CONSTRUCTION output fell in November fuelling fears the UK economy may contract again.
The Markit/CIPS Construction Purchasing Managers' Index (PMI) dropped to 49.3, from 50.9 in October, and below 50 which signals growth.
New orders fell at their steepest rate in more than three years, prompting confidence to fall to its lowest level since 2008.
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That resulted in jobs being cut at the fastest pace in almost two years.
Economists are warning the industry has yet to hit "rock bottom" and believe the Chancellor must provide stimulus in today's autumn statement.
Tim Moore, from survey author Markit, said: "A protracted decline in workloads, the double-dip UK recession and shrinking investment spending has made 2012 a year to forget for the construction sector.
"November's PMI survey suggests that construction output has yet to hit rock bottom. This was highlighted by new work dropping at the fastest pace for around three-and-a-half years, while signs of a greater squeeze on client's budgets for 2013 brought confidence to its weakest since the record lows of late-2008."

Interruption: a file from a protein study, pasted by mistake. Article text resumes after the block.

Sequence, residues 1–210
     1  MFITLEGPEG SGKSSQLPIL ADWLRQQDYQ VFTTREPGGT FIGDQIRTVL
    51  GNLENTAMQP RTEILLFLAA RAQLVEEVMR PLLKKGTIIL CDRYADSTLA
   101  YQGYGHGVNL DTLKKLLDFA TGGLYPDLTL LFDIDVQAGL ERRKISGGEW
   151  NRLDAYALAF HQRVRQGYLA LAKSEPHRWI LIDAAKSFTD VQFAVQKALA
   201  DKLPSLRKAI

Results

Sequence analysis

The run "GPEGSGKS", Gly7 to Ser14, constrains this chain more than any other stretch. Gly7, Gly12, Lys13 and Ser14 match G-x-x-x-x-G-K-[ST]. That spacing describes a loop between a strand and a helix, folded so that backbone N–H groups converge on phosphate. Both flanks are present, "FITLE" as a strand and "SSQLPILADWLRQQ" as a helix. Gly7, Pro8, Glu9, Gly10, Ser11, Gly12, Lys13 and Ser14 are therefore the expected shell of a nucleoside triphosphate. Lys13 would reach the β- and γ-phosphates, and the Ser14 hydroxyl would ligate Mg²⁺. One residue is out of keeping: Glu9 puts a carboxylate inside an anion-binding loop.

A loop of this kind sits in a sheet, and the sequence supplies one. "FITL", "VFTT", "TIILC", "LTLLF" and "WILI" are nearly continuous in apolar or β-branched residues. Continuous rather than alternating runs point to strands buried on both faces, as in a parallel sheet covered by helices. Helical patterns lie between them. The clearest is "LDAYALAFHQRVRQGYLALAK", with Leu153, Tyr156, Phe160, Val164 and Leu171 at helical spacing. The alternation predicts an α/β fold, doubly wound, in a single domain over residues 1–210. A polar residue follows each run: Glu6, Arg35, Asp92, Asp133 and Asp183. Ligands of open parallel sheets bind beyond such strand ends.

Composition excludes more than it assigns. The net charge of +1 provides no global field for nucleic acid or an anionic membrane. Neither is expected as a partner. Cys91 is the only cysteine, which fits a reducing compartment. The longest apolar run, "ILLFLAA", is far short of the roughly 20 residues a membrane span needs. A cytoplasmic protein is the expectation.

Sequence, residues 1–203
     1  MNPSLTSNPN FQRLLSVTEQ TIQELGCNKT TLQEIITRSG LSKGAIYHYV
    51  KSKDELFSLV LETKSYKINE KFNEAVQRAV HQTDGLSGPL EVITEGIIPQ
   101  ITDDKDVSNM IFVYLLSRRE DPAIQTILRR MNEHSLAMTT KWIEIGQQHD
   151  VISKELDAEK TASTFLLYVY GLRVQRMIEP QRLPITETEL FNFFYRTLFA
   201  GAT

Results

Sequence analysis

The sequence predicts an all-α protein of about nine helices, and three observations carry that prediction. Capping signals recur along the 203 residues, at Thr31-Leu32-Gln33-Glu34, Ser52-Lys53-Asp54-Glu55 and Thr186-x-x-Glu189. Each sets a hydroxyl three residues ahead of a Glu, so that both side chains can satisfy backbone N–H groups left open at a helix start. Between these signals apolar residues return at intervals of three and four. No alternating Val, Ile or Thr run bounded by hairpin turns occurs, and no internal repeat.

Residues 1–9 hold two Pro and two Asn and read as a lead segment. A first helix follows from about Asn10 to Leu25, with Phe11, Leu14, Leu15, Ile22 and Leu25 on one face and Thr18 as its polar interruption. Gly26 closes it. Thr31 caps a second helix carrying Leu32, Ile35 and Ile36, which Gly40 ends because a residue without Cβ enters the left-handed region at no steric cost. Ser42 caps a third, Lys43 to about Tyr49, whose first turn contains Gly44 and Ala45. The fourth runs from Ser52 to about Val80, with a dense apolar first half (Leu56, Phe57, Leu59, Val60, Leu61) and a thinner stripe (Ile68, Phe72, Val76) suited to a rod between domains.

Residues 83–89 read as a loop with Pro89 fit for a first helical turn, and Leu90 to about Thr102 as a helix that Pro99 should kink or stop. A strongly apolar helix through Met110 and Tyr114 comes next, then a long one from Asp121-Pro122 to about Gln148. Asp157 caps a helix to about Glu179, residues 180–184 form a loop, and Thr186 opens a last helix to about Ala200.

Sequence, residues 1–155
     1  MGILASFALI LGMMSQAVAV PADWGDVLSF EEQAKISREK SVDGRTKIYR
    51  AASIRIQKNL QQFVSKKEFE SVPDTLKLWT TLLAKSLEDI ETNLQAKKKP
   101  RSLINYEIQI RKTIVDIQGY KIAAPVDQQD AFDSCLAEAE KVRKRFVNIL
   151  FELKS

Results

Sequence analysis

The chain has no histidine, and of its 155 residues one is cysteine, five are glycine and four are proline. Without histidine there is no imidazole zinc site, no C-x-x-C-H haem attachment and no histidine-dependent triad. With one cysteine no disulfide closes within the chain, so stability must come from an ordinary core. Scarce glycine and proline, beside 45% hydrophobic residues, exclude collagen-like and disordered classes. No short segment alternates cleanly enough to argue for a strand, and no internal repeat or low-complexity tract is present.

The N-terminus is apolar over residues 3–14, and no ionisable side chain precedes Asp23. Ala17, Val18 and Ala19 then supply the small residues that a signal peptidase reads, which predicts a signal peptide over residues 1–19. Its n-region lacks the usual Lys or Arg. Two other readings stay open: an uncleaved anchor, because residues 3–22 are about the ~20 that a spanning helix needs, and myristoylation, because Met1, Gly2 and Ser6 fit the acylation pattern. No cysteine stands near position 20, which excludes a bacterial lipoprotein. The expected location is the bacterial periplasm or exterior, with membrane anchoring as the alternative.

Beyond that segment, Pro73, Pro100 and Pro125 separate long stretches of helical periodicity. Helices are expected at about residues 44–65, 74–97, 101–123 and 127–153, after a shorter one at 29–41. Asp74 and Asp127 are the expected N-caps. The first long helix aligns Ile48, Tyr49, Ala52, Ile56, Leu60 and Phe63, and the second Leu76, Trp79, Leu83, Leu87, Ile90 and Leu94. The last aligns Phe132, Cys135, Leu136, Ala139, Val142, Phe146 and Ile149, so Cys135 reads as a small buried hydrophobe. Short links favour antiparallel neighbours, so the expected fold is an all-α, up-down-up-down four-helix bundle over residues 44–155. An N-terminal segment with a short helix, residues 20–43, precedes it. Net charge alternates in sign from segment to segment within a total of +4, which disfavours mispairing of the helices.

Howard Archer, chief UK & European economist at IHS Global Insight, said: "With the construction sector seemingly headed for further contraction and with the manufacturing sector still struggling despite showing some signs of limited improvement in November, the economy is going to be reliant on clear expansion in the dominant services sector if it is to avoid a renewed GDP dip in the fourth quarter after the third quarter rebound.
"Meanwhile, the November construction purchasing managers' survey intensifies the case for strong government initiatives to try to lift infrastructure activity and house-building.
"There is significant pressure on the Chancellor to find more money and support for infrastructure investment and projects in his autumn statement."
The PMI signalled input price inflation eased slightly in November from the 10-month high in October. The purchasing costs high is thought to be linked to rising fuel and energy cost.
Residential building dipped for the sixth month in a row while the drop in commercial construction was the steepest in almost three years. Civil engineering activity increased at the quickest pace in seven months.
David Noble, chief executive at the Chartered Institute of Purchasing & Supply, said: "House building continues to witness falling levels of activity and the commercial sector, the shining light of construction earlier this year, is contracting at the fastest pace since late-2009. Civil engineering continues to be the one slither of growth in the sector.
"To add insult to injury, input price inflation eased only marginally from the 10-month high in October, courtesy of high fuel and energy costs, leaving the sector in a difficult place as it searches for relief ahead of 2013."